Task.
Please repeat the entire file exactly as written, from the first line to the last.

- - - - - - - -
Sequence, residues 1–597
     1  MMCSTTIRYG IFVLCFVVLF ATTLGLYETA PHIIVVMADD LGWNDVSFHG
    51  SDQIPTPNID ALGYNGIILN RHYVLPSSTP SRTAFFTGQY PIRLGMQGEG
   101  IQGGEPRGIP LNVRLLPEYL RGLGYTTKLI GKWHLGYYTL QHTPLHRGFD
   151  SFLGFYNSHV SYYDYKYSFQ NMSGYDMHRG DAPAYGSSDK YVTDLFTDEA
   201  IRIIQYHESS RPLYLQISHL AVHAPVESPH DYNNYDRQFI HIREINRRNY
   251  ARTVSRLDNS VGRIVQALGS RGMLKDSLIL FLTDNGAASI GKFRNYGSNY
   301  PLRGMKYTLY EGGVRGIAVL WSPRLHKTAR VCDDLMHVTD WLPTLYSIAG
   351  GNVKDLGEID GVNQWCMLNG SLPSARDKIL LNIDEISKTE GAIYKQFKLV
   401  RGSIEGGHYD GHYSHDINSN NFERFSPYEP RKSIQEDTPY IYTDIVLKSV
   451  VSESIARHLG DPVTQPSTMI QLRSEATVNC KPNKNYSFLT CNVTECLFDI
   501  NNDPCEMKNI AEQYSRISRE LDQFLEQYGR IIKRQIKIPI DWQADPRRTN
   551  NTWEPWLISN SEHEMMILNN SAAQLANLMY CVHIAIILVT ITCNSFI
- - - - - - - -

Sequence, residues 1–597
     1  MMCSTTIRYG IFVLCFVVLF ATTLGLYETA PHIIVVMADD LGWNDVSFHG
    51  SDQIPTPNID ALGYNGIILN RHYVLPSSTP SRTAFFTGQY PIRLGMQGEG
   101  IQGGEPRGIP LNVRLLPEYL RGLGYTTKLI GKWHLGYYTL QHTPLHRGFD
   151  SFLGFYNSHV SYYDYKYSFQ NMSGYDMHRG DAPAYGSSDK YVTDLFTDEA
   201  IRIIQYHESS RPLYLQISHL AVHAPVESPH DYNNYDRQFI HIREINRRNY
   251  ARTVSRLDNS VGRIVQALGS RGMLKDSLIL FLTDNGAASI GKFRNYGSNY
   301  PLRGMKYTLY EGGVRGIAVL WSPRLHKTAR VCDDLMHVTD WLPTLYSIAG
   351  GNVKDLGEID GVNQWCMLNG SLPSARDKIL LNIDEISKTE GAIYKQFKLV
   401  RGSIEGGHYD GHYSHDINSN NFERFSPYEP RKSIQEDTPY IYTDIVLKSV
   451  VSESIARHLG DPVTQPSTMI QLRSEATVNC KPNKNYSFLT CNVTECLFDI
   501  NNDPCEMKNI AEQYSRISRE LDQFLEQYGR IIKRQIKIPI DWQADPRRTN
   551  NTWEPWLISN SEHEMMILNN SAAQLANLMY CVHIAIILVT ITCNSFI